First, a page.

What is greenwashing?It’s easy to see biodiversity net gain as a way to enable developers to pay to destroy habitats; that’s not the case though. The new laws around biodiversity net gain are an additional legal obligation for developers, they don’t diminish the protection already afforded to our natural spaces and wildlife. The calculations that go into measuring biodiversity impact on development sites take special care to value the unique worth of individual habitat types: for instance, rare habitats must be replaced on a like-for-like basis and the time taken to replace such habitats after they are lost is taken into account. These new laws will actually make it harder for developers to just cut down habitats and recreate them elsewhere: taking woodland as an example, a developer removing 1hectareh of Priority lowland deciduous woodland will now legally need to pay to recreate 6-15 hectares or more, whereas previously they may have been able to get away with just replanting 1 hectare.

We provide an end-to-end service between developers who need to offset and landowners who are willing to use their land as an offset site. Civity takes care of getting everything calculated, formalised, registered and linked up; we also take care of all the initial and ongoing ecological monitoring and advice that underpins these schemes.

We will sign a lease agreement (See paragraph 12) on your land for 31 years (See paragraph14) and make rental payments. We will also sign a habitat management contract (See paragraph 13) with you and pay a management and maintenance fee to create and manage biodiverse habitats on your land (this is where the main income source comes from). Bundled in with the management and maintenance fee will be contingency payments (See paragraph 43). A profit sharing payment (See paragraph 21) will also be paid. The order of events will be as follows:

  1. We work with you to calculate how many biodiversity units you can produce on your land and how much it would cost you to produce these units. The cost is based off of contractor rates for 31 years for things like graziers, hay cuts and fencing. Using that price (alongside legal fees, our fees and contingencies) we calculate a fair price per biodiversity unit produced. At this point, habitat creation works have not started.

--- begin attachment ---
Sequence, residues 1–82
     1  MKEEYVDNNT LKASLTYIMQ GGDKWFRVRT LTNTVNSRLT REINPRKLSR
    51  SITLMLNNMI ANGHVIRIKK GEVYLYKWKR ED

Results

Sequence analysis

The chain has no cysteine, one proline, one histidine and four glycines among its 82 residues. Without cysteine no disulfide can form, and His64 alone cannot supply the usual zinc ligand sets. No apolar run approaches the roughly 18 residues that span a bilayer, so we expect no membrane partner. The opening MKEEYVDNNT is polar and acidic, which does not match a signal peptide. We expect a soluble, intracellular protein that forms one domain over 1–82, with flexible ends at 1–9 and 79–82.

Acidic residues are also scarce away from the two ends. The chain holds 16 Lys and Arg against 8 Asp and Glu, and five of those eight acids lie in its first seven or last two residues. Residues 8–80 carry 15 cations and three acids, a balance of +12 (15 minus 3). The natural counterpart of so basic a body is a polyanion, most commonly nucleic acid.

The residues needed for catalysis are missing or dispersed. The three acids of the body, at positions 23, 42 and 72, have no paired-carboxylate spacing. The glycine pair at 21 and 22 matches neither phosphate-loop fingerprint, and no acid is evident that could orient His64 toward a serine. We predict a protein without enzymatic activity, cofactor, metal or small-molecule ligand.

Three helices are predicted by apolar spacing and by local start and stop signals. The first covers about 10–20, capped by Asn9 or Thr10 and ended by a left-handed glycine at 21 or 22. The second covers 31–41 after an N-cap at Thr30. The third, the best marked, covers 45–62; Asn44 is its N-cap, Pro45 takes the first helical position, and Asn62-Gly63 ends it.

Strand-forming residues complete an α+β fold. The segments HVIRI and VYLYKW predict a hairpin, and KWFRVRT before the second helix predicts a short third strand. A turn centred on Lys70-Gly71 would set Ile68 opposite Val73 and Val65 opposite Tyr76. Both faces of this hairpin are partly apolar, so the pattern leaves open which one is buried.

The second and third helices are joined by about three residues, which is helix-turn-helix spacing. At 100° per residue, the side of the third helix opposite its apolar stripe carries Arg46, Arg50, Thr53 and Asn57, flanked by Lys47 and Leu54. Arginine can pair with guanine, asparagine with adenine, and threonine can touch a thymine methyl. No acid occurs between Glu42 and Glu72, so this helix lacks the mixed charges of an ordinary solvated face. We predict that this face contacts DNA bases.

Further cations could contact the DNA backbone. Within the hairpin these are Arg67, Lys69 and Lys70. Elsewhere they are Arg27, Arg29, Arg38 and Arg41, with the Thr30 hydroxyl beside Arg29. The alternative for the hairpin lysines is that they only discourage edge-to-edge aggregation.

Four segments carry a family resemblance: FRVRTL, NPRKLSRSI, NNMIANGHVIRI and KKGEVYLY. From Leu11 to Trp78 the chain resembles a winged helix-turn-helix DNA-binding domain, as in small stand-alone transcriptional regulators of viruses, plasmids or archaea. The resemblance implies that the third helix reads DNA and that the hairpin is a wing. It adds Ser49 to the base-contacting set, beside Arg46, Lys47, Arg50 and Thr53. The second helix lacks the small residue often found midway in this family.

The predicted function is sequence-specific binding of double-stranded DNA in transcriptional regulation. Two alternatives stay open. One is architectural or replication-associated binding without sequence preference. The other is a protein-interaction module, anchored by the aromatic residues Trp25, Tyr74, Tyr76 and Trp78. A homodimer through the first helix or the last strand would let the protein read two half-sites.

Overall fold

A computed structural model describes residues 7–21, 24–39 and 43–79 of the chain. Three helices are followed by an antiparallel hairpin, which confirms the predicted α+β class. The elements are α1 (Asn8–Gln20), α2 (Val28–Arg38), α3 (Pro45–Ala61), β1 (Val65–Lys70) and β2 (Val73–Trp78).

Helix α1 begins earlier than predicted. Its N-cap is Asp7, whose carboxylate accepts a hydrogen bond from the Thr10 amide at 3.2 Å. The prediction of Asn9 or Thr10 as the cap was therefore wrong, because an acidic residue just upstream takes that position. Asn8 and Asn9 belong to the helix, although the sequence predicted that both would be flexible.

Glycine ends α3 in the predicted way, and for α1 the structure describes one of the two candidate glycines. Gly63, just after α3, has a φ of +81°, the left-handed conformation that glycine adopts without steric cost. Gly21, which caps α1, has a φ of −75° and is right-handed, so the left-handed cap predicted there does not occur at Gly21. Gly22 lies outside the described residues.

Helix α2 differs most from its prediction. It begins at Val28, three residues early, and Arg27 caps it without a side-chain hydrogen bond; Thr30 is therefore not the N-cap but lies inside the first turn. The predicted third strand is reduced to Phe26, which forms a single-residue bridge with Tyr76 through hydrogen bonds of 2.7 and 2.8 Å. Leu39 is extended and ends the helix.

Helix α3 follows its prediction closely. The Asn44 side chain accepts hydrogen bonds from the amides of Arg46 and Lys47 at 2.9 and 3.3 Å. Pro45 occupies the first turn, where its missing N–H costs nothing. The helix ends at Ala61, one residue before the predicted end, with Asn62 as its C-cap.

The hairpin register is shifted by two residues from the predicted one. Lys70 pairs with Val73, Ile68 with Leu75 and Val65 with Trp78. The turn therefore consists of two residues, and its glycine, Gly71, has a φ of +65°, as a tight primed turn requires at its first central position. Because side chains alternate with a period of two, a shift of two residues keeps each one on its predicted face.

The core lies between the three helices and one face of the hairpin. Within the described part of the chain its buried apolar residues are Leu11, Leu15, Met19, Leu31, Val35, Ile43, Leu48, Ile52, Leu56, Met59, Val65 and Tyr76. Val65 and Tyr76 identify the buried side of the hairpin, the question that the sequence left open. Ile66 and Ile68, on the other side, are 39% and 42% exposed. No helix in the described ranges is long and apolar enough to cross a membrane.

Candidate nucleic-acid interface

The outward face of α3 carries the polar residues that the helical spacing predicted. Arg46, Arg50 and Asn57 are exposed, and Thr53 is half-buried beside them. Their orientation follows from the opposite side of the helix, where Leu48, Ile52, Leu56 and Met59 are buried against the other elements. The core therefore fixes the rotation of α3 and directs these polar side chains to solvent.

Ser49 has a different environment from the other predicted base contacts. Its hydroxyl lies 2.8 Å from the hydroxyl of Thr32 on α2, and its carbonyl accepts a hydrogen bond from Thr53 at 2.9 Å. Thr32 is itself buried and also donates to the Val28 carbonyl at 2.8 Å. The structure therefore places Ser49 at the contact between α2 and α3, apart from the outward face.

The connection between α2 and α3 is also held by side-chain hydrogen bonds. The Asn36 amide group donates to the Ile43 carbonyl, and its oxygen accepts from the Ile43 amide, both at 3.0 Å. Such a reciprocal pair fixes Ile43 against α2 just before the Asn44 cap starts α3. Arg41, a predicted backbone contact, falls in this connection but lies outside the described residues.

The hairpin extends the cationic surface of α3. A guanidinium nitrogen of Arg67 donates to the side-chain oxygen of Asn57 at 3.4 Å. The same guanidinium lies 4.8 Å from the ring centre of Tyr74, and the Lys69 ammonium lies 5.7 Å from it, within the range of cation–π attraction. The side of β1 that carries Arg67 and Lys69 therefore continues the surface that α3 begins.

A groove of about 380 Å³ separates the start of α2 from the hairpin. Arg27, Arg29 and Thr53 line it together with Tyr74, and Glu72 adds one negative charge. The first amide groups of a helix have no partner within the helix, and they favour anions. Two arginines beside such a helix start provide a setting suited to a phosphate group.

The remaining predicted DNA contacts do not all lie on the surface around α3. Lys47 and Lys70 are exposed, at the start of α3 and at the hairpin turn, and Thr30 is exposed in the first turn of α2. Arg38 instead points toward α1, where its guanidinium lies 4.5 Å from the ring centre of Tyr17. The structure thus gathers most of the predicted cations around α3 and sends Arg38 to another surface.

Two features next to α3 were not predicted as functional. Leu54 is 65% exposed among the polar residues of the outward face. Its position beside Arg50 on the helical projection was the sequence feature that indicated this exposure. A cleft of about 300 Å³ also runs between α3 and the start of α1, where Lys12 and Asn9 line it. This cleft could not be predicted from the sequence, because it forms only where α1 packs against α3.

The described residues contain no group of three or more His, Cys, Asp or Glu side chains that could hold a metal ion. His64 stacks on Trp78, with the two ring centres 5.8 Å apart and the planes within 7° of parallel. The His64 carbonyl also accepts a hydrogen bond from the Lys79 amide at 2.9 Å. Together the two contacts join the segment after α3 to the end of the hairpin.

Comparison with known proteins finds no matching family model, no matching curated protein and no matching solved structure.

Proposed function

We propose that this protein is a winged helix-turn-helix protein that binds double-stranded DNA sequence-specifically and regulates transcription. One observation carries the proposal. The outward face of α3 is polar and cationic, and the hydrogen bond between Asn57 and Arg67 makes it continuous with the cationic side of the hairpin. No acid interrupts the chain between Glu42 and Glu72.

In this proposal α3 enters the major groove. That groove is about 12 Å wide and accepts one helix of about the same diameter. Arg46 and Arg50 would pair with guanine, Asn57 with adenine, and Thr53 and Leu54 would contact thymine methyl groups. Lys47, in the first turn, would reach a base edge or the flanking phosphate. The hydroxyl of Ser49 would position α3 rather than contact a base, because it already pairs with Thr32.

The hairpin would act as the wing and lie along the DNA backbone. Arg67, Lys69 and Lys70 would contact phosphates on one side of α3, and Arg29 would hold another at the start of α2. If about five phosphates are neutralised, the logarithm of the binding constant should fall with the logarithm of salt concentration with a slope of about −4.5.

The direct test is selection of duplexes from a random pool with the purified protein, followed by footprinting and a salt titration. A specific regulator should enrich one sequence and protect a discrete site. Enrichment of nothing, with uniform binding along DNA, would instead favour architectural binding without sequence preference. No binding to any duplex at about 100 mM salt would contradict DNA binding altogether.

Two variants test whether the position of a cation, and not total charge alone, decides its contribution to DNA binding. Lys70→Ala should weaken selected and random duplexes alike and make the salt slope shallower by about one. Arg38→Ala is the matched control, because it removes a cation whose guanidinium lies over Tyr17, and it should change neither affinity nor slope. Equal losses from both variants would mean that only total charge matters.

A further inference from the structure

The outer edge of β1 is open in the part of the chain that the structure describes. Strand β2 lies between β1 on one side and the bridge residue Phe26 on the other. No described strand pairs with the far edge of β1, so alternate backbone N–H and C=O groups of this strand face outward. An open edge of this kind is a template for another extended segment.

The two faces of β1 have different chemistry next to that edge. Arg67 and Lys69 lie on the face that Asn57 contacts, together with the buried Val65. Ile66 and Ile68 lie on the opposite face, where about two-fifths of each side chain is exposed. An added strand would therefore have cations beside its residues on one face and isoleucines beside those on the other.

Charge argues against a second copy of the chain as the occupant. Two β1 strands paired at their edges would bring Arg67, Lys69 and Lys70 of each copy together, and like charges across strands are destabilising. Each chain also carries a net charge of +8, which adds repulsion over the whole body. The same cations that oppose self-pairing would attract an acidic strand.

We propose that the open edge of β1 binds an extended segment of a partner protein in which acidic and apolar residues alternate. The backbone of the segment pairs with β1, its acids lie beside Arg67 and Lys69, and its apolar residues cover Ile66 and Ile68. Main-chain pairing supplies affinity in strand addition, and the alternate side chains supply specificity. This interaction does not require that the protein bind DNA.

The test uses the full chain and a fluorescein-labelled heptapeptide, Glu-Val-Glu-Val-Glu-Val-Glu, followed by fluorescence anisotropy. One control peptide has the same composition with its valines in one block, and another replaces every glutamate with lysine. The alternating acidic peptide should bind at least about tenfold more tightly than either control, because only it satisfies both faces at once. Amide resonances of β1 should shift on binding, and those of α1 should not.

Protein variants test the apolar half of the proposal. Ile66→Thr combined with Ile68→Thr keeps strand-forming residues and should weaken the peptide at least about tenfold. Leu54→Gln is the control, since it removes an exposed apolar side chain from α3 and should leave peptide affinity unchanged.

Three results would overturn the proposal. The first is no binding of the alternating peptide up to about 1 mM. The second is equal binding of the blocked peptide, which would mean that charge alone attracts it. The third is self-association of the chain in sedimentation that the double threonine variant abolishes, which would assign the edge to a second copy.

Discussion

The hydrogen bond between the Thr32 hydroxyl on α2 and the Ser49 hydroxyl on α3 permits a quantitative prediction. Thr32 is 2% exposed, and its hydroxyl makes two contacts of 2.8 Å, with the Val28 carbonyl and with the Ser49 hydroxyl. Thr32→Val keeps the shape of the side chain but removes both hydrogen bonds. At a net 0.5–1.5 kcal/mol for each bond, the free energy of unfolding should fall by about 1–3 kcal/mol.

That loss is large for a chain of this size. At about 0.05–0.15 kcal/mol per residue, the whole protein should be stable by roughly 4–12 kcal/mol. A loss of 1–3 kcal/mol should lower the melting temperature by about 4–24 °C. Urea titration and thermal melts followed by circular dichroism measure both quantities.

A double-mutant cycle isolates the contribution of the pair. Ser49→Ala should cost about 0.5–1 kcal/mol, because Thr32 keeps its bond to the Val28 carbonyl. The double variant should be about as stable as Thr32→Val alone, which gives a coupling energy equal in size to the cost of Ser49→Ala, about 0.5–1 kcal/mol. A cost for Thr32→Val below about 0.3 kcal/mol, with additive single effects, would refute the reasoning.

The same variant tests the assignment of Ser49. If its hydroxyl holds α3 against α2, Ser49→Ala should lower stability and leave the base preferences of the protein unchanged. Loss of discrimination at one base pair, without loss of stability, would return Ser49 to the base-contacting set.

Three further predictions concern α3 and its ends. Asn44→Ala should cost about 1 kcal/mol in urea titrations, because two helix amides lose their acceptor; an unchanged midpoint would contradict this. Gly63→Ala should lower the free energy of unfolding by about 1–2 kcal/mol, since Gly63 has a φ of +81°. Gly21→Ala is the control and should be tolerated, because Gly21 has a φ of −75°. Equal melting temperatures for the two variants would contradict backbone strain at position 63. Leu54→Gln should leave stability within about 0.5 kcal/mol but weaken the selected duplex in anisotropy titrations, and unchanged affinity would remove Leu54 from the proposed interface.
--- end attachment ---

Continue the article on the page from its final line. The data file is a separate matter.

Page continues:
2. We go away and get your site registered and formalised. Once that’s done we begin advertising your biodiversity units to developers. When a developer purchases a biodiversity unit, they are essentially transferring the legal responsibility to create/enhance a certain habitat and then manage it for 30 years. Selling a biodiversity unit is therefore akin to selling a promise to create the relevant habitats and manage them for 30 years.
  3. Once we’ve sold your biodiversity units, we start the clock ticking on the 31 year agreement (See paragraph 14). At this point, we forward the funding over to you to actually start the works on the ground. Landowners don’t need to start work until the money is locked in and secure, so there’s no risk of committing to a project that won’t pay.


To make Civity the responsible party for delivering the BNG scheme, we take a lease out on the land in question. The lease is based on a standard farm business tenancy. Typically, this lease will be for 31-years (See paragraph 14).

The Habitat Management Contract is a contractual agreement between Civity and the landowner / land manager. It outlines the necessary management obligations on the land for the course of the 31-year agreement (See paragraph 14) and is how we pay landowners to undertake the specific works required to create the habitats that produce BNG units. The Management Contract is optional (we can take care of management ourselves), but it’s where the big money is for landowners as we pay a deliberately generous rate. Typically, this management contract will be for 31-years.

In accordance with the legislation and government guidance surrounding biodiversity offsetting, habitats used for biodiversity offsetting “must be maintained for at least 30 years following the completion of habitat enhancement works”. Schemes must therefore run for 30 years plus the time taken to actually create the habitats being enhanced (such as ground preparation and planting); this generally ranges from 1-9 months on the habitats we typically create. For the sake of simplicity, we therefore provide funding in our schemes for 31 years.

At the end of the 31-year agreement (See paragraph 14), your responsibilities to manage the habitat with Civity will cease and the land will revert to your total control. It’s our hope that similar schemes will exist to enable continued funding for their ongoing management – certainly many of the habitats we create will have great scope for further enhancement beyond 30 years.